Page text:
So I'm currently saving up to go travelling/ working around New Zealand for 12 months, this will be my first time travelling by myself and was wondering if anyone had any tips? I decided to stay clear of websites like the real gap and so on as everyone else says its better just to do it off your own back. Will I find it easy to meet new friends along the way?
Copy/pasting some tips I wrote in another thread just recently (as I only noticed afterward that it was in travel companions, and not australia & new zealand, so less likely to be seen by most people). *g*
And yes, it's very easy to meet people. Just hang out in the lounge or kitchen of any hostel, and you'll be talking with fellow backpackers almost immediately. Lots of people in the same situation, and you'll tend to bump into a few of the other long-stayers again and again at different hostels. (Especially on the South Island, as there's really not very many different routes to follow around that island.)
12 months is enough time to go pretty much everywhere. And there's so much. Some of my favorite places (with an emphasis on nature/hiking) would be:
- Lake Tekapo. A tiny little town about halfway between Christchurch and Queenstown, situated at the edge of a stunning blue glacier-fed lake. Most people stop for a quick snapshot at the Church of the Good Shepherd, and drive on, but it's so worth staying here for a few days, soaking up the tranquility of this place. From the top of nearby Mt. John, you have amazing view over the McKenzie plain and Southern Alps (plus there's a cafe serving really good hot chocolate - and the walk there is quite rewarding), and don't miss carbonara pizza at Peppe's! (Stay at the YHA overlooking the lake, with gorgeous huge windows in the lounge, hide the remote control for the TV, curl up by the fire (in winter) and get to chatting with fellow backpackers.) Easily my favorite place in the world (though I do wish they'd kept that TV out of the lounge).
- At Queenstown, follow the old waterpipe up one mile creek track to the top of the hill. A short and very rewarding walk; amazing for photography, or just imagining that you've walked out of the world. If you like hiking, head on to scale Ben Lomond, and otherwise take the gondola back down.
- The glaciers. It's dismal how far they've retreated in the last 8 years, but they're still quite awe inspiring, and the rainforest around them have some really good hikes (when they're not closed due to landslides).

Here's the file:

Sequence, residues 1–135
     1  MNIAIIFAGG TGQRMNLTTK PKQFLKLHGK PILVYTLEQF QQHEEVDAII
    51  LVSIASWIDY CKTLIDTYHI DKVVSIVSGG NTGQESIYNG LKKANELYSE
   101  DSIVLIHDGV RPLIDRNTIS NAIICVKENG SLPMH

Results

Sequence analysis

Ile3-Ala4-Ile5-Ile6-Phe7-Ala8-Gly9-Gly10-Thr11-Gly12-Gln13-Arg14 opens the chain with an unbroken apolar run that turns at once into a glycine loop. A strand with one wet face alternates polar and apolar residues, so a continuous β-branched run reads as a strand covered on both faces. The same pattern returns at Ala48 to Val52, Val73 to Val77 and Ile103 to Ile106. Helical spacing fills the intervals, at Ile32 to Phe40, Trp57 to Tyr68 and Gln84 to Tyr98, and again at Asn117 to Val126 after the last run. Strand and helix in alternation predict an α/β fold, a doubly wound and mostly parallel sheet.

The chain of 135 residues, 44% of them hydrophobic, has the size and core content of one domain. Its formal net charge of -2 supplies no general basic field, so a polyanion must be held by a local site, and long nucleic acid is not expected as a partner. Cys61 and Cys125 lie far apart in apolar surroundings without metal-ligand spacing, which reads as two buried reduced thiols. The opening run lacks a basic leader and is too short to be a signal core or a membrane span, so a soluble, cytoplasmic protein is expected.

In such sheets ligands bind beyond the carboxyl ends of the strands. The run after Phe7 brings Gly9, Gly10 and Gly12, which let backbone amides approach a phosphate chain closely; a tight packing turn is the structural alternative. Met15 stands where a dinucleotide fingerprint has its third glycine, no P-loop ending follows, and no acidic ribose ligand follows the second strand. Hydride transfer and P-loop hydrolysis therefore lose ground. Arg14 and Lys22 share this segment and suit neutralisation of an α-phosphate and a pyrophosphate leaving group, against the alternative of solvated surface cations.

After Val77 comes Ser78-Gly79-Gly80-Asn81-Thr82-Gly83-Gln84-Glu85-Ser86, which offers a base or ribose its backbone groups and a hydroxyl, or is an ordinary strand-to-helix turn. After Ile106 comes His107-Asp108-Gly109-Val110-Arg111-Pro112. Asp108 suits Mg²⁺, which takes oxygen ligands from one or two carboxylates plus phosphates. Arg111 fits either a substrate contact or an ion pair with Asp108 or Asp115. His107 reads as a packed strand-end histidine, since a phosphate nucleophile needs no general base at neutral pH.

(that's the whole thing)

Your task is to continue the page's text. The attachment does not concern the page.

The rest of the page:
- The pancake rocks at Punakaiki when the swell is right, and the blowholes are performing. I've only been lucky enough for the tide and timing to work out to witness this once, but wow!
- Do the Queen Charlotte Track and stay at - or just take a watertaxi from Picton directly to - Mahana Lodge at Endeavour Inlet. Lounge about in the hammock, have sumptuous homemade chocolate cake for dessert, and watch the glowworms behind the lodge at night. (For free! Beat that, Waitomo!)
- The Tongariro Crossing is not an easy hike (be sure to train yourself well before reaching it), but so totally rewarding, even with the large train of other people doing it at the same time as you. Desolate and out-of-this-world volcanic landscapes; amazing colors.
- Mt. Taranaki has some of the most gothic rainforest I've ever seen on its lower slopes. Five kinds of moss growing on top of each other, on stunted trees in the most baroque forms. (Very accessible from its visitor center, though I can also recommend the longer hikes to the higher slopes.)
- Hobbiton. It's gotten friggin' expensive to tour, but it's the entire movie set, picture-perfect in its attention to detail. The laundry is still out on the line, and everything is Right There.
- Mount Maunganui; the town is okay (or awesome if you're a fan of beaches - but then, Gisborne is even better for that), the cafes better, but the Mount itself is just the best ever far inviting you to walk every single of its many, many tracks crisscrossing it everywhere. Amazingly sculpted rocks along the shoreline.
- Cape Reinga has this amazing little lighthouse, overlooking steep cliffs descending down to where two oceans crash into each other. Try to go here with your own transport, so you can take the time to hike down to the beach and maybe walk it a bit in the direction of Cape Maria van Diemen, and then stay for sunset.
Also definitely be sure to visit Kaikoura, Mt. Cook, Milford Sound, Nelson, Abel Tasman National Park, Napier, Cathedral Cove and Auckland (so many neighbourhoods there to visit, but pick at least Parnell and Mt. Eden).
Thank you! that helps alot